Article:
Learning how to make a good friend — and be a good friend — isn’t something kids just know to do on their own. It’s a skill they need to learn, and work on, over the years. Here are some ways to help your child improve his friendship skills.
Talk about what makes a good friend
Don’t assume your child knows what being a good friend means. Talk with him about the importance of taking turns, sharing, helping, and showing an interest in others. Point out how doing these things will help his friends and classmates feel good and want to spend time with him. If you see examples of other people doing these things, point them out to your child. “See how that girl let her friend have a turn with the jump rope? That’s a nice thing to do for a friend.”
Teach your child what being a bad friend means
Tell him not to brag, put others down, be a sore loser, or hog conversations. If you hear him doing any of these things, gently remind him that a good friend doesn’t do that. Also ask your child how he thinks his buddy/playmate felt when he wasn’t being a good friend. “How do you think that made Sarah feel? Does it look like she’s happy?” It’s important for kids to understand the power they have on others — this is a good way for yours to start.
Praise your child when he’s being a good friend
When you see your child being kind to another kid, praise him for it. “That was nice of you to give Joe another turn after he dropped the ball. That’s being a good friend.” Or “When Tanya fell and got hurt, you helped her get up and asked if she was OK. You were being a really good friend.”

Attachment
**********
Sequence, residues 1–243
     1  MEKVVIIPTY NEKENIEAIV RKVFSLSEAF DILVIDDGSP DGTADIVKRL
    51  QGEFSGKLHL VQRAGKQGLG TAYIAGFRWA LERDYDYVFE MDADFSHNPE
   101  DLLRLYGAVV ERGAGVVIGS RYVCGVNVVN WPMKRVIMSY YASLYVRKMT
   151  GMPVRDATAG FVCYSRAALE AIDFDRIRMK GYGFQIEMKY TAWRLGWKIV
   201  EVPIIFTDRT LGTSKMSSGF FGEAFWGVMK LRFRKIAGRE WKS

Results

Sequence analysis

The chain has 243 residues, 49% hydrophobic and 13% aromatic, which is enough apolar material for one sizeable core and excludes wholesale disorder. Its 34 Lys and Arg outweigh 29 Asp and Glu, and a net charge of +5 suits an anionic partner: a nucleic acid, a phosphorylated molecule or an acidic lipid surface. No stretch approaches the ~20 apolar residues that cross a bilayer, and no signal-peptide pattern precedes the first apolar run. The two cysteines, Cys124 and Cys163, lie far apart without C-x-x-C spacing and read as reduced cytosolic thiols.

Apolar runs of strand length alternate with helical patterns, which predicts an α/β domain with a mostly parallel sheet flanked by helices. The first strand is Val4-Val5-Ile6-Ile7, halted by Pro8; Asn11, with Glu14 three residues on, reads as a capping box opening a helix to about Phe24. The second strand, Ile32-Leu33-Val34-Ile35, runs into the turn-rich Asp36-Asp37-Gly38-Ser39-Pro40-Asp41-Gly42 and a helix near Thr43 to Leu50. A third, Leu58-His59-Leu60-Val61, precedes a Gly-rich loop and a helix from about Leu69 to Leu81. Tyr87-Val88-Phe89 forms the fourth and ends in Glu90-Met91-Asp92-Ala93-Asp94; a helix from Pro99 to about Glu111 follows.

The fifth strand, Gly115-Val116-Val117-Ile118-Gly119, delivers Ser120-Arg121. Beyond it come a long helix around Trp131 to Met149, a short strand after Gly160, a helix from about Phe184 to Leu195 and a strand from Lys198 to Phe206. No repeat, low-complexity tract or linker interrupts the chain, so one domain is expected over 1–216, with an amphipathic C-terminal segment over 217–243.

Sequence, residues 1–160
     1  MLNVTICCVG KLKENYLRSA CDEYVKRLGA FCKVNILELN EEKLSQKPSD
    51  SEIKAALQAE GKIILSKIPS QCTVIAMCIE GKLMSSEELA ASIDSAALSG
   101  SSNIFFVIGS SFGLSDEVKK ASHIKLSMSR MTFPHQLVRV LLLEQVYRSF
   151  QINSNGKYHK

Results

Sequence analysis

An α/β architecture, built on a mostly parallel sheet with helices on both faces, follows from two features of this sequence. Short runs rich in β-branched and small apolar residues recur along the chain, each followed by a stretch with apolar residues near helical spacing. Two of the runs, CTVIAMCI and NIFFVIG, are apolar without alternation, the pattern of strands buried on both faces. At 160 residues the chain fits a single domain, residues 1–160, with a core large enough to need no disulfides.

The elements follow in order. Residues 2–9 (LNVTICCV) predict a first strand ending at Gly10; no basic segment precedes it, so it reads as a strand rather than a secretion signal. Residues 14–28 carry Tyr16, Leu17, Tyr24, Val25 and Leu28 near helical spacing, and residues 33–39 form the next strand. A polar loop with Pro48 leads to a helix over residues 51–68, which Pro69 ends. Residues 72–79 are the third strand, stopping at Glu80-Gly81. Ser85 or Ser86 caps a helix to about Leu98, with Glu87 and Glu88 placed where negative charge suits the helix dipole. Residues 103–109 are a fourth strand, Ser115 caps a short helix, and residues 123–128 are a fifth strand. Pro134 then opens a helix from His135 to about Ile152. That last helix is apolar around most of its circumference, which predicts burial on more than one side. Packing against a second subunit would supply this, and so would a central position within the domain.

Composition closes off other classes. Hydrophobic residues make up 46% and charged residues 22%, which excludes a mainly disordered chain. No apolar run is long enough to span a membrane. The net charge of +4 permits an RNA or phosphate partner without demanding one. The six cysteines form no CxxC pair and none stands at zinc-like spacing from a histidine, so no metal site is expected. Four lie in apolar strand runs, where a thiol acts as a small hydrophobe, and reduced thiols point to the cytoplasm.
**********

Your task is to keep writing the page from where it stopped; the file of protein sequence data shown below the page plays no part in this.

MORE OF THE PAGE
Help your child meet other kids
The more time your child spends with other kids, in and outside of school, the better he’ll be at getting along with all sorts of children — in different settings and activities. If possible, have your child play a team sport after school. Team sports do wonders to teach kids about thinking of others. They also give kids plenty of practice making good friends. Once in a while, take your child to different places where there are other children: at the playground, public pool, and library. This will give him more chances to make good friends who aren’t just at school.
Role-play scenes between kids
If your child is having trouble with another student, try role-playing with him. By playing the kid your child is having a hard time with, you’ll give him a chance to practice responding when things get tough — but in a safe setting. (You might feel silly acting out a scene between kids, but it really does help your child to practice in a safe place.) For example, if your child wants to talk with a friend who hurt his feelings, role-play a scene in which the other kid apologizes. Or try another scene in which a student continues to tease your child. Talk about what the next step should be in each situation.